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The Devil's Pool eBook

This eBook from the Gutenberg Project consists of approximately 115 pages of information about The Devil's Pool.

“I hope not, for I shouldn’t like a fool.  Come, eat your partridges, they are cooked to a turn; and, having no bread, you must be satisfied with chestnuts.”

“And where the devil did you get chestnuts?”

“That’s wonderful, certainly! why, all along the road, I picked them from the branches as we passed, and filled my pockets with them.”

“Are they cooked, too?”

“What good would my wits do me if I hadn’t put some chestnuts in the fire as soon as it was lighted?  We always do that in the fields.”

“Now, little Marie, we will have supper together!  I want to drink your health and wish you a good husband—­as good as you would wish yourself.  Tell me what you think about it!”

“I should have hard work, Germain, for I never yet gave it a thought.”

“What! not at all? never?” said Germain, falling to with a ploughman’s appetite, but cutting off the best pieces to offer his companion, who obstinately refused them, and contented herself with a few chestnuts.  “Tell me, little Marie,” he continued, seeing that she did not propose to reply, “haven’t you ever thought about marrying? you’re old enough, though!”

“Perhaps I am,” she said; “but I am too poor.  You need at least a hundred crowns to begin housekeeping, and I shall have to work five or six years to save that much.”

“Poor girl!  I wish Pere Maurice would let me have a hundred crowns to give you.”

“Thank you very much, Germain.  What do you suppose people would say about me?”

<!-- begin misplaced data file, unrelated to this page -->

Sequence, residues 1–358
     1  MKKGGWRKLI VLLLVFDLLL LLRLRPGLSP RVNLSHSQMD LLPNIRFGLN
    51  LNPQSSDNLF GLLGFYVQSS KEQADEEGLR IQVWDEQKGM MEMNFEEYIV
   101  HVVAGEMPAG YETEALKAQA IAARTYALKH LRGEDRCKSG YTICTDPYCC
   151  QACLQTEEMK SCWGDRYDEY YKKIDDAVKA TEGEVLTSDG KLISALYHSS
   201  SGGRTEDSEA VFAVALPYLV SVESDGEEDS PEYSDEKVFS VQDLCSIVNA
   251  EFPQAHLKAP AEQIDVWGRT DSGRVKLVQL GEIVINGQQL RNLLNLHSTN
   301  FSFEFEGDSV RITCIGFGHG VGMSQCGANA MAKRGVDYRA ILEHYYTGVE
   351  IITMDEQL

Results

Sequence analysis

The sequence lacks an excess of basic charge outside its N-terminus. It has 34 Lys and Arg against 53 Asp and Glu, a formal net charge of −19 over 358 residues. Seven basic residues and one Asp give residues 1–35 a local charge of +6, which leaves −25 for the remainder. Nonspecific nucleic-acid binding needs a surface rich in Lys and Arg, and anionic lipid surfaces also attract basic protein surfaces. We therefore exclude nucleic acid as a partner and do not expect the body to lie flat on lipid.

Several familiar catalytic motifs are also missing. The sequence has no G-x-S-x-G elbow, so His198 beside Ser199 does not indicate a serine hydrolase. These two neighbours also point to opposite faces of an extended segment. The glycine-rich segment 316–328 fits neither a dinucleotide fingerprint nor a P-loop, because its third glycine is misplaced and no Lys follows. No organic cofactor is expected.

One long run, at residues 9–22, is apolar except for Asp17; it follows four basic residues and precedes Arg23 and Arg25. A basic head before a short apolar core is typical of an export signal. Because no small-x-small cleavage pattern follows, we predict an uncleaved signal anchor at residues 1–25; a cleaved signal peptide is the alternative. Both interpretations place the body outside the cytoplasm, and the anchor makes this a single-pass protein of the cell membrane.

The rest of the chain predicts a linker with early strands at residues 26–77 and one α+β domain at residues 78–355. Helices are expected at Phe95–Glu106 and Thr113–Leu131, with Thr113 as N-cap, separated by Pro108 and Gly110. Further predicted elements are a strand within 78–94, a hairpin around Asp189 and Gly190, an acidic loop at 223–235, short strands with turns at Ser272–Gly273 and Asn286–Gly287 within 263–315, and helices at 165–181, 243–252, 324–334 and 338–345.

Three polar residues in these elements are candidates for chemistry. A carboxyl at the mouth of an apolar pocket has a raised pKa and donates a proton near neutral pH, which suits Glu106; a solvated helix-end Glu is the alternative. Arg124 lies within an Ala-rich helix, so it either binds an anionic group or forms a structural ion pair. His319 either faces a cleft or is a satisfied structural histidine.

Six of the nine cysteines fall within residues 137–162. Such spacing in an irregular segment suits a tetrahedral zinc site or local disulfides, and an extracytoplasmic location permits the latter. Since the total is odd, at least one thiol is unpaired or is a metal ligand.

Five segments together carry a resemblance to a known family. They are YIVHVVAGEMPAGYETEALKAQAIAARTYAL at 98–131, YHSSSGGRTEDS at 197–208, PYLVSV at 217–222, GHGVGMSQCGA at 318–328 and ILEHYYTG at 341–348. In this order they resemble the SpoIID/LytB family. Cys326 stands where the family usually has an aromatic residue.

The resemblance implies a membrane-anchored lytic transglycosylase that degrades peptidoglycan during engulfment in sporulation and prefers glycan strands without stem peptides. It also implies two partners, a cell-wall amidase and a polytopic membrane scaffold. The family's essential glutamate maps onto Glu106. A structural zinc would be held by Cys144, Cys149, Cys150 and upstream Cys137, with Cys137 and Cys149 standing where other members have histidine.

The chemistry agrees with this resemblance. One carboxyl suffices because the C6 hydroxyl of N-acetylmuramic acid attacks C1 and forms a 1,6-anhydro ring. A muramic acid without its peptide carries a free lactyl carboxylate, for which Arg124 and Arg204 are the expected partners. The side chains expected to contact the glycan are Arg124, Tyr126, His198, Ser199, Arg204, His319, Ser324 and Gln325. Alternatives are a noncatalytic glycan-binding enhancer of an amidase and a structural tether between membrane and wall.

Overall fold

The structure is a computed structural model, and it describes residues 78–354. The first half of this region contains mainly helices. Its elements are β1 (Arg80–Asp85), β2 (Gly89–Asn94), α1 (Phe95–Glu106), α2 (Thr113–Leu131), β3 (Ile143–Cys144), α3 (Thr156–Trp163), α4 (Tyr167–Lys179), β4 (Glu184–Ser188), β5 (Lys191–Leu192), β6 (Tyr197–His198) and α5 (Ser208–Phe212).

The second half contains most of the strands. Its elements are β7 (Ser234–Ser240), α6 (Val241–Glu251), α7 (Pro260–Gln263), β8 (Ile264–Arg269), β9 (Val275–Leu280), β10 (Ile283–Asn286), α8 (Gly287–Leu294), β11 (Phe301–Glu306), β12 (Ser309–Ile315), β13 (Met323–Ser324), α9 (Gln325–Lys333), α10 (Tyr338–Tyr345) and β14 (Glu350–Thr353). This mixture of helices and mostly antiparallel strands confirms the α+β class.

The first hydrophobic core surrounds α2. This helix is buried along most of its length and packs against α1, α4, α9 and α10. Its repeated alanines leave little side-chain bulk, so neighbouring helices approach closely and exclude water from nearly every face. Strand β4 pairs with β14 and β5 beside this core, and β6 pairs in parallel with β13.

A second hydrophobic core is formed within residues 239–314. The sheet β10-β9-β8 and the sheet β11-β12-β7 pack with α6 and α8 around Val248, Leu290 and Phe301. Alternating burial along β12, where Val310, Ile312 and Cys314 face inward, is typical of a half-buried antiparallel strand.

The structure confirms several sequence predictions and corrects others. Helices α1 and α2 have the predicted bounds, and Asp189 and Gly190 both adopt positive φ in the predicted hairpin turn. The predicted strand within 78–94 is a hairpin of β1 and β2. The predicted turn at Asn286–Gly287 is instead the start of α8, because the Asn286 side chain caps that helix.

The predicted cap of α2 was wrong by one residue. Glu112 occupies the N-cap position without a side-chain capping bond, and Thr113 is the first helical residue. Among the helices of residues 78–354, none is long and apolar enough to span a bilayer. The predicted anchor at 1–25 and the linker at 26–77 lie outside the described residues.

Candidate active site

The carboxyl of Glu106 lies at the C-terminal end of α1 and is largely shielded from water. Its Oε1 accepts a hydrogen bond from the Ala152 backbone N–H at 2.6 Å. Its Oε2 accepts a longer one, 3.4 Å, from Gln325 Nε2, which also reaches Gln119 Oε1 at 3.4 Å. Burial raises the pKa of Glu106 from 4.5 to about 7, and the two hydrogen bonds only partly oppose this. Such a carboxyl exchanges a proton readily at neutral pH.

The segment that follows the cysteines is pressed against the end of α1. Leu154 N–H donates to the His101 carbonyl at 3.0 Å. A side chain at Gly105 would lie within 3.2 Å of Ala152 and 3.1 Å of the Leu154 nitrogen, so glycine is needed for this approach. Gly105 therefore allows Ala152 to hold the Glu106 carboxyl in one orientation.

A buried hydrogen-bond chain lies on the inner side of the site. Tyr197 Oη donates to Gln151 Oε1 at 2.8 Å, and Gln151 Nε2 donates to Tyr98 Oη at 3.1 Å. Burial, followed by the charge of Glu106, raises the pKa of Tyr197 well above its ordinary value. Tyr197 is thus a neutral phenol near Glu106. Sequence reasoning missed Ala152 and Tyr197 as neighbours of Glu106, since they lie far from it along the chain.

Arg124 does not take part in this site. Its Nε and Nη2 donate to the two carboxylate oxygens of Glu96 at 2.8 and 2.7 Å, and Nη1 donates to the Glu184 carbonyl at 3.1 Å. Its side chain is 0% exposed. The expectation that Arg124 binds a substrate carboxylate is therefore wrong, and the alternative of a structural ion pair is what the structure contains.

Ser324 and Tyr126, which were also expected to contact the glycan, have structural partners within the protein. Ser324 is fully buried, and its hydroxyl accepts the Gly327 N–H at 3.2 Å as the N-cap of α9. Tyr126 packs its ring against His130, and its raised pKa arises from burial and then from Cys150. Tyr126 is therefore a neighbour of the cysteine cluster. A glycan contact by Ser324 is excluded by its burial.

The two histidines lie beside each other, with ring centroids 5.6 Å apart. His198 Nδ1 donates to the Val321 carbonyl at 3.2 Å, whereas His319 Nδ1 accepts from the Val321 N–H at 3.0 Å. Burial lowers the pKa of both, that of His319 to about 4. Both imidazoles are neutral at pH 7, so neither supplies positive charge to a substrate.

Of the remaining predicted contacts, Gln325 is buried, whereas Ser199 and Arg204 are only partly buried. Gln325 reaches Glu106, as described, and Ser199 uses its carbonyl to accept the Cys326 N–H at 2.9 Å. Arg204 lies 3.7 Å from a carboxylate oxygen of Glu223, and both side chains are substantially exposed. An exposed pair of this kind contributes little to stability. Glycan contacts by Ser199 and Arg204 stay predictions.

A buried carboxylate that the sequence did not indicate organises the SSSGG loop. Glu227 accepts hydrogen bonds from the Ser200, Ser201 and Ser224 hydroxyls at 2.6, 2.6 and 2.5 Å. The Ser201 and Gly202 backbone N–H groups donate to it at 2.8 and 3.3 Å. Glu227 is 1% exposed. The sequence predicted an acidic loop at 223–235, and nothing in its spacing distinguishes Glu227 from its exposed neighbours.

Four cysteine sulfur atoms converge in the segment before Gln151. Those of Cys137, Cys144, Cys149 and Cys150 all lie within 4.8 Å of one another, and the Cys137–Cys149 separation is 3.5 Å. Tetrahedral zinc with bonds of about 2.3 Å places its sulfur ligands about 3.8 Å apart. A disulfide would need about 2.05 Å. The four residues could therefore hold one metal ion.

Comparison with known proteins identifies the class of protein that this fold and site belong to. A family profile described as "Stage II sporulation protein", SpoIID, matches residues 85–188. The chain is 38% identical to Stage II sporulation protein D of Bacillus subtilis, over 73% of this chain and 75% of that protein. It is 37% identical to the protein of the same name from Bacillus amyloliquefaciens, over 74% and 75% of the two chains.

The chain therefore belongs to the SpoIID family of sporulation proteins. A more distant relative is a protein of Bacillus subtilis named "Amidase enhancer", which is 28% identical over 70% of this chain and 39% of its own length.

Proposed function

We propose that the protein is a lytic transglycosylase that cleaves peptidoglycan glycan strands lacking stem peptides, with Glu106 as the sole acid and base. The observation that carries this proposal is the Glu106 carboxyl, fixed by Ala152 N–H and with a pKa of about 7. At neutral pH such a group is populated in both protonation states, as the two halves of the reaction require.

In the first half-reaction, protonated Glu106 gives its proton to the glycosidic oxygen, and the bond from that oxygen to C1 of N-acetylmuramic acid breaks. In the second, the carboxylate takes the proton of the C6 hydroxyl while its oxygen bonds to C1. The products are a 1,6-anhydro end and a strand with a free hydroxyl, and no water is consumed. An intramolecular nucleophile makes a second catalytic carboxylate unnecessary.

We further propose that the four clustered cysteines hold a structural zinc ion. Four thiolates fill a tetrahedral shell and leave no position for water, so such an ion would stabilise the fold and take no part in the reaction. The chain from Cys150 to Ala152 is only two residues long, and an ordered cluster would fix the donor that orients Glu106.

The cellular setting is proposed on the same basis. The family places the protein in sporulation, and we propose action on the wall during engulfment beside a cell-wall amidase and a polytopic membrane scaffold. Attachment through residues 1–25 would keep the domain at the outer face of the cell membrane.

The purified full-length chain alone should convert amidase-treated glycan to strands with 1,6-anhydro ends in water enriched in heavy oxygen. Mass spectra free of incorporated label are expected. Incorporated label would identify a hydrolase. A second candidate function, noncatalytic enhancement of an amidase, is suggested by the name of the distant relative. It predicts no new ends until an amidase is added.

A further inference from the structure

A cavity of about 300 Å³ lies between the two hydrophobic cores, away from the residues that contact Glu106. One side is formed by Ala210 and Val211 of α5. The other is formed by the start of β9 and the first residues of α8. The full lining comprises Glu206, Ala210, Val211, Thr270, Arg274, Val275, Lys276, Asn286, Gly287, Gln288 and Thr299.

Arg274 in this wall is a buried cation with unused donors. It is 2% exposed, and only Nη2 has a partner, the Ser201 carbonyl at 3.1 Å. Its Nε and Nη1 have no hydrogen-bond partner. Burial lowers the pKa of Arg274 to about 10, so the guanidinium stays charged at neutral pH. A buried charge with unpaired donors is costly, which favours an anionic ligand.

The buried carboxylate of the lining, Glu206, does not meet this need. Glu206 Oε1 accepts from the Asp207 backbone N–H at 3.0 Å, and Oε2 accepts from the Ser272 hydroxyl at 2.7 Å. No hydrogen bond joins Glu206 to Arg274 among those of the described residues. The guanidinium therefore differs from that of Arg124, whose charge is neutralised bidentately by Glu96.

“What could they say? everybody knows that I’m an old man and can’t marry you.  So they wouldn’t imagine that I—­that you—­”

“Look, ploughman! here’s your son waking up,” said little Marie.

IX

THE EVENING PRAYER

Petit-Pierre had sat up, and was looking all about with a thoughtful expression.

“Ah! the rascal never does anything else when he hears anybody eating!” said Germain; “a cannon-shot wouldn’t wake him, but move your jaws in his neighborhood, and he opens his eyes at once.”

“You must have been like that at his age,” said little Marie, with a mischievous smile.  “Well, my little Pierre, are you looking for the top of your cradle?  It’s made of green leaves to-night, my child; but your father’s having his supper, all the same.  Do you want to sup with him?  I haven’t eaten your share; I thought you would probably claim it!”

“Marie, I insist on your eating,” cried the ploughman; “I shan’t eat any more.  I am a glutton, a boor; you go without on our account, and it’s not right; I’m ashamed of myself.  It takes away my appetite, I tell you; I won’t let my son have any supper unless you take some.”

“Let us alone,” replied little Marie, “you haven’t the key to our appetites.  Mine is closed to-day, but your Pierre’s is wide open, like a little wolf’s.  Just see how he goes at it!  Oh! he’ll be a sturdy ploughman, too!”

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